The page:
Libya Africa Travel Guide - Libya Tourist Attractions, Libya Transportation, Libya Hotels and Accommodations

Libya Travel Guide

Libya Hotels

Libya Tourist Attractions:
Libya Archeological Sites
Libya Roman Sites
Libya Greek Sites
Libya Tripoli
Libya Sahara Desert

Libya Travel Informations and Libya Travel Guides
Libya Name
Libya Politics
Libya Foreign Relations
Libya Cooperation with Italy
Libya Human Rights

Libya Administrative Divisions
Libya Geography
Libyan Desert
Libya Economy
Libya Demographics

Libyan Education

Libyan Religion
Libya Culture
Libya Contemporary Travel
Libyan Cuisine

Libya History:
Libya Ancient Libya
Libya Phoenicians
Libya Greeks
Libya Romans
Libya Under Islam
Libya Ottoman Turks
Libya Italian Colony

United Kingdon of Libya
Modern Libya


Libya Vacation Trips

Libya Holiday Vacation Trips offers travel tips and information for top travel places and best destinations. We feature links, resources and large selection of budget airlines, chartered planes, sea cruises, ferries, travel agencies, land transports and attractions including beaches, medical tourism, retirement homes, historical and pilgrimage tours.


Libyan Desert

The Libyan Desert, which covers much of Libya, is one of the most arid places on earth. In places, decades may pass without rain, and even in the highlands rainfall happens seldomly, once every 5–10 years. At Uweinat, as of 2006 the last recorded rainfall was in September 1998. There is a large depression, the Qattara Depression, just to the south of the northernmost scarp, with Siwa oasis at its western extremity. The depression continues in a shallower form west, to the oases of Jaghbub and Jalo.

Likewise, the temperature in the Libyan desert can be extreme; in 1922, the town of Al 'Aziziyah, which is located Southwest of Tripoli, recorded an air temperature of 57.8 °C, generally accepted as the highest recorded naturally occurring air temperature reached on Earth.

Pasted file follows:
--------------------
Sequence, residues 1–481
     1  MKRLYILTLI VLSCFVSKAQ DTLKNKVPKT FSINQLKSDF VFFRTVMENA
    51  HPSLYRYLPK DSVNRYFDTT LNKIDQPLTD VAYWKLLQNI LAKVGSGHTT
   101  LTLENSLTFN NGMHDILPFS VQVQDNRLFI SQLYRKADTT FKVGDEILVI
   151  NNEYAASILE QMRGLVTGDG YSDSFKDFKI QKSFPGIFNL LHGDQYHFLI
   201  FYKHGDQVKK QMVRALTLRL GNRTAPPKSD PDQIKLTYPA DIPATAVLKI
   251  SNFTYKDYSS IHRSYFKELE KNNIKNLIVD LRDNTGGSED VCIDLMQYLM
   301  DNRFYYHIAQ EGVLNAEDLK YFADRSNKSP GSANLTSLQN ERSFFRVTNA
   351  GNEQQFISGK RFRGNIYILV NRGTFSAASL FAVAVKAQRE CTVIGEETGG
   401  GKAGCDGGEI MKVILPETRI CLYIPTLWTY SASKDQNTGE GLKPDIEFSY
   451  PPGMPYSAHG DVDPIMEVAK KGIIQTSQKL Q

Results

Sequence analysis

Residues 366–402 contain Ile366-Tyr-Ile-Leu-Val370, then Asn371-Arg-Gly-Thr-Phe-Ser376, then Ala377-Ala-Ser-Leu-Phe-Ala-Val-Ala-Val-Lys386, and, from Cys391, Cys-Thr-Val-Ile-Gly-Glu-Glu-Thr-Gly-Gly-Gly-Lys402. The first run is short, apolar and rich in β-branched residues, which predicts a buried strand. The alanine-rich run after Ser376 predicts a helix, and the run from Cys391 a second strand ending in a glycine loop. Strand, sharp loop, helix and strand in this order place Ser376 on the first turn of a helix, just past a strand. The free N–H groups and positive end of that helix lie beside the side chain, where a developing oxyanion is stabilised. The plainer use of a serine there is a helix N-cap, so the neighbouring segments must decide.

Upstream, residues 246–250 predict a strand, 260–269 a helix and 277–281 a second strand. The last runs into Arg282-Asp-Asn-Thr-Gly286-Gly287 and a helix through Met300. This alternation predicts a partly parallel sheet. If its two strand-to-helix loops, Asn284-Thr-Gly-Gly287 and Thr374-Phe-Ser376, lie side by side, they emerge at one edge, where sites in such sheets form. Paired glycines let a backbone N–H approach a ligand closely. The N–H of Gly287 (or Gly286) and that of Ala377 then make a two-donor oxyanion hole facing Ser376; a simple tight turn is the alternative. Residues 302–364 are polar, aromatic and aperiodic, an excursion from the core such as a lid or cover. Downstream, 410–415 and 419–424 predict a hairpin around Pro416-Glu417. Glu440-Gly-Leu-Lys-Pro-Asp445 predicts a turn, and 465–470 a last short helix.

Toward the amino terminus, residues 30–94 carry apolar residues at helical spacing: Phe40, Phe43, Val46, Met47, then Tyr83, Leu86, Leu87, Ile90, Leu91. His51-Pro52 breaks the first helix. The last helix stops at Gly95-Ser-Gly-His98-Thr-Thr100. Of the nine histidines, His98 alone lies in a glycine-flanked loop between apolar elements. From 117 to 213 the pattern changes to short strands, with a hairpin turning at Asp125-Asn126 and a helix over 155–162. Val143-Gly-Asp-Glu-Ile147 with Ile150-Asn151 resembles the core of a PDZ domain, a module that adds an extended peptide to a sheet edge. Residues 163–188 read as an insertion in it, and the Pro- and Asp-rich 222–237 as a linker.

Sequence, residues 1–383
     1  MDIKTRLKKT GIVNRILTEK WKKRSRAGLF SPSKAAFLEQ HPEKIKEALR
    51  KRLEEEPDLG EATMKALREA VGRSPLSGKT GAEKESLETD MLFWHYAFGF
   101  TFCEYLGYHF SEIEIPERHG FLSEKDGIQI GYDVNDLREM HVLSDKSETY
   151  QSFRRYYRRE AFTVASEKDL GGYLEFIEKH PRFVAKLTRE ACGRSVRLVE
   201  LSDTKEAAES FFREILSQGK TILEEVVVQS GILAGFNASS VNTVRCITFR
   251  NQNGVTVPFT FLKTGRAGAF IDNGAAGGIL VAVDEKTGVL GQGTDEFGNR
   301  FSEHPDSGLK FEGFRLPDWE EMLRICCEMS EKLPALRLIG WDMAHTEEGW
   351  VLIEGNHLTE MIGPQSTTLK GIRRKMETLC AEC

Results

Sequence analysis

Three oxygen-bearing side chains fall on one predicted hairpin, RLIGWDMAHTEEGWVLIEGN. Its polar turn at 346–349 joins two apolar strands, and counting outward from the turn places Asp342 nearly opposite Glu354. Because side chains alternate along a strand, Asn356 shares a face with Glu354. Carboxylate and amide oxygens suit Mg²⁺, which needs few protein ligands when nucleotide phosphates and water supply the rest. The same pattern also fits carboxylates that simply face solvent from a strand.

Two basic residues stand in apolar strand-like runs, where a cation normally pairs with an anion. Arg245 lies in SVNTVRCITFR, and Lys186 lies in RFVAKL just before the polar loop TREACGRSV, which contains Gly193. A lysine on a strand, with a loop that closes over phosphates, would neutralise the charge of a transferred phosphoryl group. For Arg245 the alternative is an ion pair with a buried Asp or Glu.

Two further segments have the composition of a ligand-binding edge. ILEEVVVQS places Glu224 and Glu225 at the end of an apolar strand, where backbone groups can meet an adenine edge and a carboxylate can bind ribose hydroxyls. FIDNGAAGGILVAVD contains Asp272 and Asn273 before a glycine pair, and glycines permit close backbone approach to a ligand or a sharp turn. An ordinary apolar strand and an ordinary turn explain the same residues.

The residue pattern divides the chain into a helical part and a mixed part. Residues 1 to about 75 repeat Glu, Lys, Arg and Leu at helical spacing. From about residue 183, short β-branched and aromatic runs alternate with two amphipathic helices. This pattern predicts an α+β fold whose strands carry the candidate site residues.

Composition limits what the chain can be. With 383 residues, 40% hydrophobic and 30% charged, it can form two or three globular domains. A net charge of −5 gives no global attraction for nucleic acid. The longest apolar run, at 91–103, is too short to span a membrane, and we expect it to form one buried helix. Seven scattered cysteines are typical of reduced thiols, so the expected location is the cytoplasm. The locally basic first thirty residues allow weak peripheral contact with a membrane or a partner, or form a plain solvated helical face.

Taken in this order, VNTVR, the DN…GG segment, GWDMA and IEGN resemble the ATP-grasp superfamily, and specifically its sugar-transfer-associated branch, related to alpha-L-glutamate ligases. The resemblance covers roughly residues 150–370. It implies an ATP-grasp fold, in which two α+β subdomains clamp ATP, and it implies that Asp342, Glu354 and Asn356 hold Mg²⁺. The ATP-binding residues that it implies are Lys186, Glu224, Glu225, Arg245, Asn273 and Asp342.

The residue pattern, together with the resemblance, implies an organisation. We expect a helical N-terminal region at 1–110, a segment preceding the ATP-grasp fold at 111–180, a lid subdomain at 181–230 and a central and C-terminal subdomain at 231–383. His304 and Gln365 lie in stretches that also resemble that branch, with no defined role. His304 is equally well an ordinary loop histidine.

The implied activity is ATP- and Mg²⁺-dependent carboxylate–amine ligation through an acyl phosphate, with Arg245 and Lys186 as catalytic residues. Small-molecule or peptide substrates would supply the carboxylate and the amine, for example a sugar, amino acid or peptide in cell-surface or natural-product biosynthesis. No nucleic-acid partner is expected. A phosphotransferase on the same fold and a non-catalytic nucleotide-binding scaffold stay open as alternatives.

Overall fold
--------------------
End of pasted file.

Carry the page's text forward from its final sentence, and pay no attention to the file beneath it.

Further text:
There are a few scattered uninhabited small oases, usually linked to the major depressions, where water can be found by digging to a few feet in depth. In the west there is a widely dispersed group of oases in unconnected shallow depressions, the Kufra group, consisting of Tazerbo, Rebianae and Kufra. Aside from the scarps, the general flatness is only interrupted by a series of plateaus and massifs near the centre of the Libyan Desert, around the convergence of the Egyptian-Sudanese-Libyan borders.

Slightly further to the south are the massifs of Arkenu, Uweinat and Kissu. These granite mountains are ancient, having formed long before the sandstones surrounding them. Arkenu and Western Uweinat are ring complexes very similar to those in the Aïr Mountains. Eastern Uweinat is a raised sandstone plateau adjacent to the granite part further west. The plain to the north of Uweinat is dotted with eroded volcanic features.

With the discovery of oil in the 1950s also came the discovery of a massive aquifer underneath much of the country. The water in this aquifer pre-dates the last ice ages and the Sahara desert itself. The country is also home to the Arkenu craters, double impact craters found in the desert.


Trip Holidays also showcase a unique blend of travel and leisure photos and stories, updates, events and announcements about roads, shopping malls, hotels, bed and breakfast, restaurants, groceries and more. Not just a travel guide but one-of-a-kind discovery of people and places.

 

Libya Africa Travel Guide - Libya Tourist Attractions, Libya Transportation, Libya Hotels and Accommodations